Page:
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We took a page from this Billie Holiday shot for our music section header
CREDITS:

Cover credits:

Hair by Charlie Brackney and Brittany Larson.
Makeup by Heath Bryant-Huppert.
Photo by Emily Utne.
Dresses from CostumeRentals. Flowers provided by Spruce Flowers & Home.
(Left to right) On Behtsee: necklace from June; bracelet, earrings, and rings from Via's. On Leah: necklace by Stephanie Lake Designs; earrings and bracelet from Via's; ring and bracelet from June. On Yasmin: necklace by Stephanie Lake Designs. Earrings and bracelet from Via's.
Rings from Rewind.

Arts & Entertainment:
Hair by Charlie Brackney and Brittany Larson. Makeup by Heath Bryant-Huppert. Photo by Emily Utne.
(Left to right): On Leah and Yasmin, clothing and head pieces from CostumeRentals. On Behtsee, green dress from Go Vintage, headdress from Via's Vintage. Necklaces and earrings by Stephanie Lake Designs. Bracelet and ring from Rewind. Gloves from Via's.

Food & Drink:
Pastry from the Salty Tart.
Dress from CostumeRentals.
Hair by Brittany Larson.
Makeup by Heath Bryant-Huppert.
Photo by Emily Utne.

People & Places:
Hair by Charlie Brackney.
Makeup by Heath Bryant-Huppert.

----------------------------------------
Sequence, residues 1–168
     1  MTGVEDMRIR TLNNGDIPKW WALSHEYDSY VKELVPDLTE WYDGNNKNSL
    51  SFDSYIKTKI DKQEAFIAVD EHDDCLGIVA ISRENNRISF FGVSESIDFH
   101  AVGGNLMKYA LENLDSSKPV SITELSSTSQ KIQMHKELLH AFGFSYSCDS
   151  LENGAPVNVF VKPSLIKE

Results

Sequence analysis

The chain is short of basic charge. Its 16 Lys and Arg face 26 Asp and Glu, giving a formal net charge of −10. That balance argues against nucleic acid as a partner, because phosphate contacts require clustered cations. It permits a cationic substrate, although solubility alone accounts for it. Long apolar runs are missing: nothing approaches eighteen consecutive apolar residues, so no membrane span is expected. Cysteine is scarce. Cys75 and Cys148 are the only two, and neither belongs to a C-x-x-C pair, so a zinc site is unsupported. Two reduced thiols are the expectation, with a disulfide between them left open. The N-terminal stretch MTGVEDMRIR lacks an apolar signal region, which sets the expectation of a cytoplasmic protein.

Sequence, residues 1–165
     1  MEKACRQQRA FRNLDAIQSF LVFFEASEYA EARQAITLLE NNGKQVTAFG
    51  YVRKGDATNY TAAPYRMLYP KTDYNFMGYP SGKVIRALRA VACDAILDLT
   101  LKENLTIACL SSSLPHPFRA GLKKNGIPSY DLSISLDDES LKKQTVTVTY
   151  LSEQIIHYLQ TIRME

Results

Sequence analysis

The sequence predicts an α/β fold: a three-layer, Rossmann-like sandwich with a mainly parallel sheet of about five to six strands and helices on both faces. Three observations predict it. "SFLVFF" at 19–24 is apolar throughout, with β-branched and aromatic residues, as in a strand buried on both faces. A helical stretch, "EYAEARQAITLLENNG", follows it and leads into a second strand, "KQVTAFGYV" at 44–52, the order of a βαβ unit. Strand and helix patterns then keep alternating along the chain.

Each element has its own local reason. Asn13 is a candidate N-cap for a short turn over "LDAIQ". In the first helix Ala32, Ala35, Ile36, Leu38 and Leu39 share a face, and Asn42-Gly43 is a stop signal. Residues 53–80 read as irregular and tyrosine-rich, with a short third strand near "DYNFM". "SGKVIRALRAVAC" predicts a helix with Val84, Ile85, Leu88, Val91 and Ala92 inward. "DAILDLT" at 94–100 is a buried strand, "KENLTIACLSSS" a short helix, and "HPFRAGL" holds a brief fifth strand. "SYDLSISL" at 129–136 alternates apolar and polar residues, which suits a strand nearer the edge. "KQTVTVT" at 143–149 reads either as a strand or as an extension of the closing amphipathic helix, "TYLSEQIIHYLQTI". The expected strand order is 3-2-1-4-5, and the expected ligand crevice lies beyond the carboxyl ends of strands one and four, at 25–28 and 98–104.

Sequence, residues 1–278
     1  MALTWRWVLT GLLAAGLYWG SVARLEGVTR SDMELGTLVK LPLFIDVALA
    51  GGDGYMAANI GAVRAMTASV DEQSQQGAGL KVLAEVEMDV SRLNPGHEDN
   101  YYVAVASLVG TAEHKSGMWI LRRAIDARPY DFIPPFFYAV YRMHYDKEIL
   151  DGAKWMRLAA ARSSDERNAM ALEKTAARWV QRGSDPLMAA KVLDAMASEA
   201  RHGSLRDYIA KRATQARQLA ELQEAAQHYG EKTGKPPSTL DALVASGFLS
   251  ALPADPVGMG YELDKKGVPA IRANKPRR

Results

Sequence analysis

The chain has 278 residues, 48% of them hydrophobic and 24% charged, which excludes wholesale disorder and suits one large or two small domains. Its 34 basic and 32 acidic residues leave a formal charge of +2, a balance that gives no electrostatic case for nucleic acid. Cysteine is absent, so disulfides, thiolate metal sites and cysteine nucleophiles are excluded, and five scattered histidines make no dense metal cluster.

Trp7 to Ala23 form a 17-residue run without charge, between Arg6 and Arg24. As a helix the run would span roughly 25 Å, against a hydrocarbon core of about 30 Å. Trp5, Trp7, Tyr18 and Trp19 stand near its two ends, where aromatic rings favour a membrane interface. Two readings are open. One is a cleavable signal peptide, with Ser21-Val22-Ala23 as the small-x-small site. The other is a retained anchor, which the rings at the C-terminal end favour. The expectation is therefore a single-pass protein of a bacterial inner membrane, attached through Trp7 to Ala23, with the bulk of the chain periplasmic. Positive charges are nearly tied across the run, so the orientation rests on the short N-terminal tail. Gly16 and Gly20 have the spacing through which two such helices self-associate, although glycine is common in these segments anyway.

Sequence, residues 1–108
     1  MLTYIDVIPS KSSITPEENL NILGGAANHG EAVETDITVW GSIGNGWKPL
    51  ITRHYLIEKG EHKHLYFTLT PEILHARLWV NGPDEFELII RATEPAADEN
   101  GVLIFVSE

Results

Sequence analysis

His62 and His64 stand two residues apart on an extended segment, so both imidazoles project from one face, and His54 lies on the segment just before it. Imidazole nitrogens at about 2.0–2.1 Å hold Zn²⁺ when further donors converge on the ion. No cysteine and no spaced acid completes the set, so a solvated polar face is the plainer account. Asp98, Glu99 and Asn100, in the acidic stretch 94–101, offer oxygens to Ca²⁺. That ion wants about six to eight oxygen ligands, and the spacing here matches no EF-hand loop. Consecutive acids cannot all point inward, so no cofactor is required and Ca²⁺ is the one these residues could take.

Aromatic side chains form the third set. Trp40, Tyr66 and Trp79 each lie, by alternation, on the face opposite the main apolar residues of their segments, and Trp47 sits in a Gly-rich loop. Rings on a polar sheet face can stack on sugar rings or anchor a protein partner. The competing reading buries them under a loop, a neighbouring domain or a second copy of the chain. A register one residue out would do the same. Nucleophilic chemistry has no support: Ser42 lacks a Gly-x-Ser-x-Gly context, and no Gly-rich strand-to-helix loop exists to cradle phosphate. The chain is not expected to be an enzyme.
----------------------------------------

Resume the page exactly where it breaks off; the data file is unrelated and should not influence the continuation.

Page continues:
Photo by Emily Utne.
Dress from CostumeRentals. Bracelet and earrings from Stephanie Lake Designs.
Necklaces from Rewind.

Shopping & Services:
Hair by Charlie Brackney and Brittany Larson. Makeup by Heath Bryant-Huppert. Photo by Emily Utne. Necklaces and earrings by Stephanie Lake Designs. Dresses, bracelets, and rings from Via's Vintage. Scarves from Lula. Prada shoes from June Resale. Salon chairs from Prop-It-Up.

Sports & Recreation:
Hair by Brittany Larson. Makeup by Heath Bryant-Huppert. Styling by Behtsee Millman. Photo by Emily Utne. Hat from Rewind. Top is stylist's own. Belt from Lula.
Skirt from the Vintage Studio.


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3 comments
Rylie Joo
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Rusty Jones

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JessicaArmbruster